California’s CFPB-style Agency Moves Ahead After Gov. Newsom Signs Bill Package

The state of California’s desire to create a watchdog agency akin to the federal Consumer Financial Protection Bureau (CFPB) is moving ahead, after Governor Gavin Newsom (D) signed a package of bills into law to reform the state’s Department of Business Oversight (DBO) into a new entity.

The new consumer watchdog, which will be called the Department of Financial Protection and Innovation (DFPI), is a powerful new state organization which will require licenses for debt collectors operating within the state, while imposing new requirements on student loan servicers among other provisions. The law as signed by Governor Newsom will take effect in the state on January 1, 2021, according to original reporting at Reuters.

The new law aims to take on several new tasks related to business oversight and consumer protection, including the addition of dozens of investigators and attorneys to supervise financial institutions; establishing a team to monitor markets and identify emerging risks to consumers; and creating a team dedicated to consumer education and outreach while listening to those in specific communities. The bill will also allow the state to create a new “Office of Financial Technology and Innovation,” which will cultivate financial technology to serve consumers.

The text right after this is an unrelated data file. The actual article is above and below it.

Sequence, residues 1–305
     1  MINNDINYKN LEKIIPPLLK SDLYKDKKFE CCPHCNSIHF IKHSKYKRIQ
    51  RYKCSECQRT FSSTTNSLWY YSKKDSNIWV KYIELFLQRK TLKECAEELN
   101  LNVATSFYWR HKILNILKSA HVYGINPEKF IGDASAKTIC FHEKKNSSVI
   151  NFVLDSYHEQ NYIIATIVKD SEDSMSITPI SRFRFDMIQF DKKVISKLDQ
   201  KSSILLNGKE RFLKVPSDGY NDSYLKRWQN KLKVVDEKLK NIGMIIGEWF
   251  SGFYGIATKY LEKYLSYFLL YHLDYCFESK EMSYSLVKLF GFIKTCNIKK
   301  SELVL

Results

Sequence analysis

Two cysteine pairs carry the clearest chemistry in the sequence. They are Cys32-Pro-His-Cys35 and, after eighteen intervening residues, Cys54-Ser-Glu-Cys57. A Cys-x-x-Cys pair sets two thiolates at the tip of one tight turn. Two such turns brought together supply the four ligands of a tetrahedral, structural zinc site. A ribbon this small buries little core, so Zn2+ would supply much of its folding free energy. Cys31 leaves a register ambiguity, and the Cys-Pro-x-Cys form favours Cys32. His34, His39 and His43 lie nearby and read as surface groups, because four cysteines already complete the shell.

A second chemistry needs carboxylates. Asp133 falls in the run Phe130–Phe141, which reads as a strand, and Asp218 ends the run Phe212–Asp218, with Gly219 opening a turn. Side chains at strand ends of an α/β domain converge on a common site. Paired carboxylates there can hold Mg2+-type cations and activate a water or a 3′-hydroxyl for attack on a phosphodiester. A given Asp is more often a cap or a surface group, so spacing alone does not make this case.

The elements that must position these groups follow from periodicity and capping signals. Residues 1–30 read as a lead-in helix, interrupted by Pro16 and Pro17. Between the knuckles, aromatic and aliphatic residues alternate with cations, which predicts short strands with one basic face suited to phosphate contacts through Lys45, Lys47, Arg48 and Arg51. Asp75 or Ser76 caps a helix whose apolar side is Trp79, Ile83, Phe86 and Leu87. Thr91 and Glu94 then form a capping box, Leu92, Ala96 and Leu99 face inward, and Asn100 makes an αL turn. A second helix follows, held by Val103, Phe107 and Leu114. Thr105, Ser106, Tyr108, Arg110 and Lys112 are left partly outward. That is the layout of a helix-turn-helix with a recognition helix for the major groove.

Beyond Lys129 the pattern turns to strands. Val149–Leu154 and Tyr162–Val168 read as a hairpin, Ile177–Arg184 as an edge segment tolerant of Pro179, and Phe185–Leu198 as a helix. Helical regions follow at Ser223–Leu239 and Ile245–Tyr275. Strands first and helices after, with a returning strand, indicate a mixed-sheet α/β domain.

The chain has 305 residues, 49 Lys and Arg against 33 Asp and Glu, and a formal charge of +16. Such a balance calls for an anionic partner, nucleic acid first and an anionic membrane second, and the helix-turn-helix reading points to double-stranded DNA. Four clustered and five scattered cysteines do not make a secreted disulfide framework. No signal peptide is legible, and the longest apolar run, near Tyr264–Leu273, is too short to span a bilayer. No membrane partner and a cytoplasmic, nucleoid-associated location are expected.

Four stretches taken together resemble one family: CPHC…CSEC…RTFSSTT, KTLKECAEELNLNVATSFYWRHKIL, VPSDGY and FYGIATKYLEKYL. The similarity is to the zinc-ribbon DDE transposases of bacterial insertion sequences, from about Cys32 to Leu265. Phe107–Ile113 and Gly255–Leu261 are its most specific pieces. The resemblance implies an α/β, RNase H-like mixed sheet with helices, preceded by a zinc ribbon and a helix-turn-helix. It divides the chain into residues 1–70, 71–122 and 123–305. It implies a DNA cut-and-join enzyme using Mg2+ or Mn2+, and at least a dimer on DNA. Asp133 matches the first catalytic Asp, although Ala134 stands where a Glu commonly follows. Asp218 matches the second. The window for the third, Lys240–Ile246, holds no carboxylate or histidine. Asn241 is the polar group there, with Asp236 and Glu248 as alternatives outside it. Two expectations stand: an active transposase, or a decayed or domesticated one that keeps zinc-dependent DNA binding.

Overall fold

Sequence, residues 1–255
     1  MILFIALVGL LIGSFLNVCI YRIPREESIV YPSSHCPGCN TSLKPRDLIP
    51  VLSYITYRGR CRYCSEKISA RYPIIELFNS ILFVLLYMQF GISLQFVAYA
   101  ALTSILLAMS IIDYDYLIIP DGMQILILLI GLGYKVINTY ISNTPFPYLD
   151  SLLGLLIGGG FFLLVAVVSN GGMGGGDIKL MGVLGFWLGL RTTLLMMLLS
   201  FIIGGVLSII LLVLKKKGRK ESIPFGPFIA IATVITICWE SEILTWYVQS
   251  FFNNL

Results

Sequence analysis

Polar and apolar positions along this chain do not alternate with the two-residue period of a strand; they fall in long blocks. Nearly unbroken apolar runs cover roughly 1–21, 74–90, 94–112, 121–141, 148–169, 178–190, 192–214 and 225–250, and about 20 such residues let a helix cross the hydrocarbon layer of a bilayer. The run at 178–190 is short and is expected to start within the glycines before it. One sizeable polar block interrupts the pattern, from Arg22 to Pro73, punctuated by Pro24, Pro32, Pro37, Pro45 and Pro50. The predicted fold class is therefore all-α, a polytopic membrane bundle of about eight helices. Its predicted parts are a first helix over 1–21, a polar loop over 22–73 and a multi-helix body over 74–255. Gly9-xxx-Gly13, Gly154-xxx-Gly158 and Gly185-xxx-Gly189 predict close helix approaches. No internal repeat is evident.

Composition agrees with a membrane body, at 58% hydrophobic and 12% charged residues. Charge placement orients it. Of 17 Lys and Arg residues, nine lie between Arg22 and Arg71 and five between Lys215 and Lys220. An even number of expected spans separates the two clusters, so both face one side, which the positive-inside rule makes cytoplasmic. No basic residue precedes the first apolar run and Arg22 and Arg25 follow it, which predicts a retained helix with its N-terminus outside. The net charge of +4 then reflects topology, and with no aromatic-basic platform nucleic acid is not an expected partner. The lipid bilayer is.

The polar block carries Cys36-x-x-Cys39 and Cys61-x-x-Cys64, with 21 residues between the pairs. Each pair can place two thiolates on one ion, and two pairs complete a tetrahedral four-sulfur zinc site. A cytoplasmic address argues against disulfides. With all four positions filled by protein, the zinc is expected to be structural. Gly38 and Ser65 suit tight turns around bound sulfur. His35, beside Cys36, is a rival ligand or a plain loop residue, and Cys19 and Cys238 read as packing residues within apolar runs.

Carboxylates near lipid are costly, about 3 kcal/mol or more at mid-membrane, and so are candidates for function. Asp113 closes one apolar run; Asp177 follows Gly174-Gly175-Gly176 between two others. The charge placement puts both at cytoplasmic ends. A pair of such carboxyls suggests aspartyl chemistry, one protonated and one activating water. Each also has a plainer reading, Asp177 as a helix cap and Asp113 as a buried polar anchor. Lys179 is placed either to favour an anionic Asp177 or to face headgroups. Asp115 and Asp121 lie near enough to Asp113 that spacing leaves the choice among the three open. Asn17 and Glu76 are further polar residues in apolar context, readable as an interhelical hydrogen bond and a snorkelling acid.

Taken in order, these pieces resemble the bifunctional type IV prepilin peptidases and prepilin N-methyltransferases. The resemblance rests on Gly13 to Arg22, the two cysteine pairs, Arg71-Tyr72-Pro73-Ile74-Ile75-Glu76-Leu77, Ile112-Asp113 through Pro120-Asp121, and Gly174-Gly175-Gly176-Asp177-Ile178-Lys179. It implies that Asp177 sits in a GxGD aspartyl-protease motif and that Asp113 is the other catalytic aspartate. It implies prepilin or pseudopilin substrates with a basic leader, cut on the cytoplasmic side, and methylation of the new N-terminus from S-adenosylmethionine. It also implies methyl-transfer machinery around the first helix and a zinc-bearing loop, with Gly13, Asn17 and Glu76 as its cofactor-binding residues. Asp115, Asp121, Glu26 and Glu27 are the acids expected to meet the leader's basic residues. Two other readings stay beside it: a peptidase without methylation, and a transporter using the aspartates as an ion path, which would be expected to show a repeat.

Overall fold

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Gavin Newsom speaking at the 2019 California Democratic Party State Convention in San Francisco, California. Gage Skidmore via Wikimedia Commons | CC BY-SA 3.0
California Governor Gavin Newsom (D)

“While the federal government is getting out of the financial protection business, California is leaning into it,” said Governor Newsom in a press release announcing the bills’ signings. “It’s at this moment especially – when so many Californians are strapped for cash and struggling to pay their bills – that families are likely to fall victim to predatory and abusive financial products. These bills ensure that financial predators are subjected to alert oversight and agile enforcement.”

It is as-yet unknown what specific impact the creation of the new agency will have on the reverse mortgage industry, though given the modeling of the state agency on the template of the CFPB as envisioned by architect Elizabeth Warren and inaugural director Richard Cordray, the new bureaucracy is likely to interact with it. Cordray reportedly consulted on the creation of the bill introducing the concept of the more powerful state agency, according to reporting at NPR.

“The law also expands the state’s power to target unfair, deceptive and abusive acts and practices by financial service providers – such as debt collectors and emerging financial technology products,” the governor’s office said in a press release. “The creation of the department was a key idea in the governor’s January 2020-2021 budget proposal.”

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